8 August 2010 The number of people affected by the worst floods in living memory in Pakistan has been revised upward to 6 million, the United Nations announced today, voicing concern over hundreds of thousands of people who are stranded and unable to receive aid.
As of yesterday, it was estimated that just over 4 million were affected by the deadly flooding, but the figure has been adjusted and is based on the latest estimated produced by the provincial authorities of Baluchistan, Punjab, and Khyber Pakhtunkhwa (KPK), formerly known as the North-West Frontier Province, in cooperation with the UN.
“Things will probably get worse, before they start getting better,” said Martin Mogwanja, UN Humanitarian Coordinator in Pakistan. “We are working at full speed to respond to the most urgent needs of the affected populations.”
The flooding has reached Sindh province, in southern Pakistan, with hundreds of villages having been flooded. The protective bund at Torhi in the province's north has been breached and several barrages and embankments could also in danger of breaking.
“While comprehensive estimates are not yet available, it is certain that hundreds of thousands, if not millions, are being affected in this province,” said Dennis Bruhn, a UN disaster management expert who arrived in Sindh today.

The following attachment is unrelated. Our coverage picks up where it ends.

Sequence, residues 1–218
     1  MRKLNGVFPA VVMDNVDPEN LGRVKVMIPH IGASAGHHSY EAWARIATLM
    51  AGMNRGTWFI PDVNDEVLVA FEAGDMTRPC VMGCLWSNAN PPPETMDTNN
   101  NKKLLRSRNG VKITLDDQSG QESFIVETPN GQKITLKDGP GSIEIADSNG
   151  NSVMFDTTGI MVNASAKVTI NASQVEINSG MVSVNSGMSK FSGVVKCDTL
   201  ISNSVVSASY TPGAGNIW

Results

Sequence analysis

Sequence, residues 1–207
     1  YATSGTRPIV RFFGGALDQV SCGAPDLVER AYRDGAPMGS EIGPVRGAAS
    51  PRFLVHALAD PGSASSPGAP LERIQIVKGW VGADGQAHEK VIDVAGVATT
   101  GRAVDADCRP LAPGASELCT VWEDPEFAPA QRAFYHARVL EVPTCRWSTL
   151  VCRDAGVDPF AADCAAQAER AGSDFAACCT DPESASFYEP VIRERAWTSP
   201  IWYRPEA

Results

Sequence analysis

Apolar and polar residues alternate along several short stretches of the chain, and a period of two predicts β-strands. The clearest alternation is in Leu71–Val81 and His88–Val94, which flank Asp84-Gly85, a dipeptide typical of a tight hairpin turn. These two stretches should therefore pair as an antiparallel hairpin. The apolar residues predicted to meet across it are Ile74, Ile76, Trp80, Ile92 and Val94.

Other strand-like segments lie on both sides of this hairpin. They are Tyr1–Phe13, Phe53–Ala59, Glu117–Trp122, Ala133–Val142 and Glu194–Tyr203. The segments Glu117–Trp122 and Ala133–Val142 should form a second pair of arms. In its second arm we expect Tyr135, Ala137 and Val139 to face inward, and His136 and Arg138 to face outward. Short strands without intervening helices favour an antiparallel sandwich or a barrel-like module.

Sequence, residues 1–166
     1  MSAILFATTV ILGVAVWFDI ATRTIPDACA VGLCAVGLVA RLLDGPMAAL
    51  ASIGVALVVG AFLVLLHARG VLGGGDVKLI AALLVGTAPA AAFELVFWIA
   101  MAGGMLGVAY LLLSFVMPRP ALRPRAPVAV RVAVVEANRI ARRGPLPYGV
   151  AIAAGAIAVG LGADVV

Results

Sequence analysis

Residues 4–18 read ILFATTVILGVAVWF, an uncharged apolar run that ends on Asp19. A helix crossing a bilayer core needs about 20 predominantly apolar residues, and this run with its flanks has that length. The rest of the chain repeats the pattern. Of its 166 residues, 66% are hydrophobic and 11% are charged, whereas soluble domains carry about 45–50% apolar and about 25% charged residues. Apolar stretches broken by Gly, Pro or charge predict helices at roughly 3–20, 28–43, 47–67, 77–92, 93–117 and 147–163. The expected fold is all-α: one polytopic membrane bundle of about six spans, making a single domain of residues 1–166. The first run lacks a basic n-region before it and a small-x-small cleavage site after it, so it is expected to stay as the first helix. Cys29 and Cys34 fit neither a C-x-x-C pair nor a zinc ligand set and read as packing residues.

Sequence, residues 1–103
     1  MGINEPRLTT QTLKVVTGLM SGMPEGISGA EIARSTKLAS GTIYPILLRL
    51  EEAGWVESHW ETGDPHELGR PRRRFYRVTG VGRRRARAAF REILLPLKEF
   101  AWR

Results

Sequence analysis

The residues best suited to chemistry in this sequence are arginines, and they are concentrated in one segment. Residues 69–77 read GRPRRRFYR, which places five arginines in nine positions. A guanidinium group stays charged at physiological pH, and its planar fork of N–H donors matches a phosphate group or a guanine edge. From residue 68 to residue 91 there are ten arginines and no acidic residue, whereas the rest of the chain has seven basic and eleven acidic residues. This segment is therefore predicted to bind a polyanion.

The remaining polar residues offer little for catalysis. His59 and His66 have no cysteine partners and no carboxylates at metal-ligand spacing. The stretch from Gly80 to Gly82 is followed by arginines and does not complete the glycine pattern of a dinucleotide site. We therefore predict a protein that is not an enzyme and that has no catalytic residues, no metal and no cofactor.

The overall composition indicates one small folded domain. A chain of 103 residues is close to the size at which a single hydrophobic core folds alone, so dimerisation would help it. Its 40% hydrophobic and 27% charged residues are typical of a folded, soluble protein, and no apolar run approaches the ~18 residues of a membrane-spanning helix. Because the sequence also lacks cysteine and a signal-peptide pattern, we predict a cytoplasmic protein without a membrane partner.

According to forecasts, heavy rain will continue to fall in the province for at least the next three days.
The UN said today that until the flooding, triggered by monsoon rains, recedes, it will be nearly impossible to assess damage and deliver urgently-needed supplies to people in the hardest-hit areas.
“We are particularly concerned about the needs of 600,000 people, who remain completely cut off in the north of KPK, especially as no helicopter deliveries have been possible for three days because of bad weather,” said Wolfgang Herbinger, Country Director of the UN World Food Programme (WFP).
The world body estimates that hundreds of millions – possibly reaching into the billions to restore livelihoods over the long run – will be required in the coming months for relief operations.
It has also noted that the needs arising from this disaster are comparable to those that following the 2005 earthquake.
To date, KPK, in northwest Pakistan, has been hardest hit by the flooding, with an estimated 3.9 million people affected, including 1.5 million who have been made homeless.
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